Detroit Lions’ GOAT, or scapegoat? Matthew Stafford’s legacy hits national spotlight

Detroit Free Press

Former Detroit Lions quarterback Matthew Stafford is underrated.

No, wait, he’s overrated, with a recent ESPN poll ranking him the sixth-best quarterback in the NFL.

And, well, that’s outrageous, sacrilege even. Quarterbacks are supposed to win! Stafford didn’t win a single playoff game during his 12-year run in Detroit! And, well, you get the idea. Or maybe you don’t.

Maybe you don’t care. Or never did. Or moved on the minute the Lions shipped him to Los Angeles for Jared Goff and a couple of first-round draft picks.

But I doubt it. Stafford will always be a Lion. More accurately, he will always be your quarterback. Which means how he’s viewed — or how he’s ranked — will always be your concern.

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And while it’s fine if you over- or under-rate him, it’s not so fine when outsiders do it. Kind of like bristling when your partner criticizes your parents, even if they are repeating what you just said.

This played out last week, as the initial ESPN poll sparked debate among that network’s football analysts “How dare you rank Stafford over Dak Prescott?!?!” — which then ignited debate on other networks before spilling to news sites and blogs and talk radio.

Stafford may well be the sixth-best QB in the NFL. Or not. Whatever he is, he will get to show it in a different way this fall.

Gone is the excuse of the Lions organization, dragging him down like an anchor in the ocean. Gone are the arguments about a lack of defense, running game or offensive line.

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Stafford had those things at various times in Detroit, and when he did, he got the franchise to the playoffs. Of course, once in the postseason, he never made the big play when it was most needed.

Is that entirely his fault?

That’s the eternal question when it comes to debating quarterbacks. Take the 2014 season’s wild-card round loss to the Dallas Cowboys. The Lions led 20-7 midway through the third quarter, but couldn’t hold it.

Everyone remembers the flag that was picked up on a pass interference call on a throw to tight end Brandon Pettigrew as the Lions were driving with a 20-17 lead in the fourth quarter. If the call had stayed made, and the Lions gone on to score, it likely would have iced the game.

The Cowboys took the lead on the next drive (after a shanked punt by Sam Martin), but  Stafford had another drive in the final three minutes.

As Jim Caldwell told reporters after the game when asked about the non-call:

“I’m not going to sit up here and act like that was the play that made a difference in the game. We still had our chances.”

It sounded like coach speak. That doesn’t mean it wasn’t true.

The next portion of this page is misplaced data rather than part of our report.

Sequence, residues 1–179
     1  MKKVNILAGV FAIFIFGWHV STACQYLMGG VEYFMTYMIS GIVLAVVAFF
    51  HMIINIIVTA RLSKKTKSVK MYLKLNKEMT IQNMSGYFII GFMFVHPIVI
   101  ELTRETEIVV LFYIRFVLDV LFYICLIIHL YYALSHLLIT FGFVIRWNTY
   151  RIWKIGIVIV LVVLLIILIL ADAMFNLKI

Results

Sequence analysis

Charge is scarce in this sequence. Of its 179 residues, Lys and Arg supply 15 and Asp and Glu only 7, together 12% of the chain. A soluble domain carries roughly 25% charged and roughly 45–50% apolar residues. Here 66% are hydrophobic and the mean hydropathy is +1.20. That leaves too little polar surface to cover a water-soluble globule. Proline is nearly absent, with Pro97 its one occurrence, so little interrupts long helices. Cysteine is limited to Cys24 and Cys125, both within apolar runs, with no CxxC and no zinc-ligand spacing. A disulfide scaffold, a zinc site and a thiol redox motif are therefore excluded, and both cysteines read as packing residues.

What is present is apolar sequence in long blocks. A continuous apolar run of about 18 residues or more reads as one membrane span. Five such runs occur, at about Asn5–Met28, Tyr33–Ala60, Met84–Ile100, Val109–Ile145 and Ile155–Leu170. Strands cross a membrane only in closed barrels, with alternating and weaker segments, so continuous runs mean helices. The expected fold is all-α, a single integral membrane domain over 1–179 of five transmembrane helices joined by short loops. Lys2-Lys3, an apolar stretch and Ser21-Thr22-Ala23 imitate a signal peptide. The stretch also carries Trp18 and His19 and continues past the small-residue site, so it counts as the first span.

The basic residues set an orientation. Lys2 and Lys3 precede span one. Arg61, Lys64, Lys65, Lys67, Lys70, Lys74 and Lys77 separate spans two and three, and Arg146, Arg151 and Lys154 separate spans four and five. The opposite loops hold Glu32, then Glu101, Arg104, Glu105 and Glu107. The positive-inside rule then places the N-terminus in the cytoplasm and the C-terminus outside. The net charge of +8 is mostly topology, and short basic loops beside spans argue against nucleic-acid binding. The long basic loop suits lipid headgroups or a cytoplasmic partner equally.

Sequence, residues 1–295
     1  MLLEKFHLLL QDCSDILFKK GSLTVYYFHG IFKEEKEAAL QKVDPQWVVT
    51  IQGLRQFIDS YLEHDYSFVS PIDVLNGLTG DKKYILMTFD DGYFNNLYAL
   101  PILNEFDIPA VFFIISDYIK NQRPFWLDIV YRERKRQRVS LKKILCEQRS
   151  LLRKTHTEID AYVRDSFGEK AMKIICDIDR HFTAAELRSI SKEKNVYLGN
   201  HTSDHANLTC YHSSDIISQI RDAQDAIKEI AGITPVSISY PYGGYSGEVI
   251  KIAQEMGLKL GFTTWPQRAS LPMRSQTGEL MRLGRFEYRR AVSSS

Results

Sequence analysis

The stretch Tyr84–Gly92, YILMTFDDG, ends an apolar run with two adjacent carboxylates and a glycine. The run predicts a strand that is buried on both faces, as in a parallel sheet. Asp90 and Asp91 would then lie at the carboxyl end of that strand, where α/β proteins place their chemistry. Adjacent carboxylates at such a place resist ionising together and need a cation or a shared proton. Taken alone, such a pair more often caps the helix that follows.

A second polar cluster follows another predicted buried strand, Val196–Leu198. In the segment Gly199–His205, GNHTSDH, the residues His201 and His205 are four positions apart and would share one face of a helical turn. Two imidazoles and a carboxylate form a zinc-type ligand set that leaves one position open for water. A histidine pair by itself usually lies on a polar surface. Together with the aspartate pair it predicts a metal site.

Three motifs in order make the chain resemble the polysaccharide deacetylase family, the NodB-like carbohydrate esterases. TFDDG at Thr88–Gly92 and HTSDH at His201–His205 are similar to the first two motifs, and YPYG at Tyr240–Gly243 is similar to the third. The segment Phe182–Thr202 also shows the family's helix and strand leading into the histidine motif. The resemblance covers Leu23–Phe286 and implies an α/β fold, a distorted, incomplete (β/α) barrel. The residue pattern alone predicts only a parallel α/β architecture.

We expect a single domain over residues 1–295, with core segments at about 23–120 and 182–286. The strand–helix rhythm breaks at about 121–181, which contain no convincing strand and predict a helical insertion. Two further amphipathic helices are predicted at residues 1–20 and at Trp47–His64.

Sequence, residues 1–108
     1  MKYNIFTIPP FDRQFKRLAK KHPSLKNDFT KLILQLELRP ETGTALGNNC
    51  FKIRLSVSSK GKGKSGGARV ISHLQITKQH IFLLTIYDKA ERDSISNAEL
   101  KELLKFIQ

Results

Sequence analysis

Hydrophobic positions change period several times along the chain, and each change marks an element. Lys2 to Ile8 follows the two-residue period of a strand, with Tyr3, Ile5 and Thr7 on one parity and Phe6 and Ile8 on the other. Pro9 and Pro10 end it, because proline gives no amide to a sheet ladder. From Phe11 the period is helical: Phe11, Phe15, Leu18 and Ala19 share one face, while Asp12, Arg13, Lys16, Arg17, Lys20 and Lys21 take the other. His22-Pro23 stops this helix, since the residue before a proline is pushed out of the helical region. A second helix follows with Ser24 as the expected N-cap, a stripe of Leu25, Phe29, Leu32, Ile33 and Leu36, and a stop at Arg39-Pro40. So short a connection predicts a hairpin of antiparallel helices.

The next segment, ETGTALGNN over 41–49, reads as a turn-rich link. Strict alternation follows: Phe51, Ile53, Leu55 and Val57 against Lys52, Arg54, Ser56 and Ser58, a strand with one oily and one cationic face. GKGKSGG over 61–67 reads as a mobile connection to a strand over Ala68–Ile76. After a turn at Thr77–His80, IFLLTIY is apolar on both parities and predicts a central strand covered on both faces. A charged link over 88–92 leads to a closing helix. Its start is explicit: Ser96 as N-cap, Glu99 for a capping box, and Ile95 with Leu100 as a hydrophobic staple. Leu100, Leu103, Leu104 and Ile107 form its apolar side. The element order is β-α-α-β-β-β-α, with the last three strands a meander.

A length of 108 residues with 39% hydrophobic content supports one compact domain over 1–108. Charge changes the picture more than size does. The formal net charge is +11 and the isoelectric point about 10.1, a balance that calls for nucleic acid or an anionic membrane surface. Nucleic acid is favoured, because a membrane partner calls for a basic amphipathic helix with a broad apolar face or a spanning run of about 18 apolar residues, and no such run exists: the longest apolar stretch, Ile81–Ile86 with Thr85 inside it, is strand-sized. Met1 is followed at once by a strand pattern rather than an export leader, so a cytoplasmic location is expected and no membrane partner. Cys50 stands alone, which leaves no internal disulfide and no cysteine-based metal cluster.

The Lions, including Stafford, did have plenty of chances. Just as he likely will in Los Angeles. Whether he is able to make the crucial play in L.A. will determine how he ultimately gets remembered.

If he wins, and the Rams go on a playoff run, it will change everything, especially if that run ends in a Super Bowl. It will give ammo to all the folks arguing the Lions held him back.

If he doesn’t, though … if the Rams finish like the Lions often did with Stafford, the crowd yelling “Overrated!” will have their needed evidence.

For now, the move was enough to vault Stafford up the rankings. Already, the perception has changed within the league.

ESPN’s ranking was based on private polling among coaches, executives, scouts and players. Here is the composite description the network used based on its Stafford feedback:

“Stafford moved up four spots for no other reason than his move to the Rams via trade could align him closer to the greats. ‘Him going to L.A. with Sean (McVay) and that offense will be great for his already massive abilities,’ a veteran NFL quarterback said. ‘This will be the deciding factor on who he is.’”

Isn’t that the question?

That has given Lions fans debate fodder for years, not to mention heartache and, occasionally, joy. Now that heartbreak debate will go national: The quarterback or the franchise?

In this way, it’s a small-scale version of the debate Tom Brady created when he left New England for Tampa Bay last year. In that case, it was over who was the G.O.A.T., Brady or Bill Belichick. For Stafford, it’s a goat of a different sort: Who is the scapegoat for years of losses in Detroit? Him or a perpetually troubled franchise? The stakes, for Stafford at least, aren’t small at all.

How he gets remembered is what’s in play. Not just in the NFL, but around here.

As ESPN wrote in its poll results:

“Stafford’s up-and-down time in Detroit is still central to his standing among the game’s best. Some knock him for zero playoff wins in 12 years; others applaud him for leading an oft-moribund franchise to four winning seasons and three playoff appearances. As one NFC exec said, he has been in a bad place long enough that he doesn’t know what a winner looks like.”

Finally, he’ll get to find out, as we get to see whether it was him or whether it was us.

Contact Shawn Windsor: 313-222-6487 or Follow him on Twitter @shawnwindsor.

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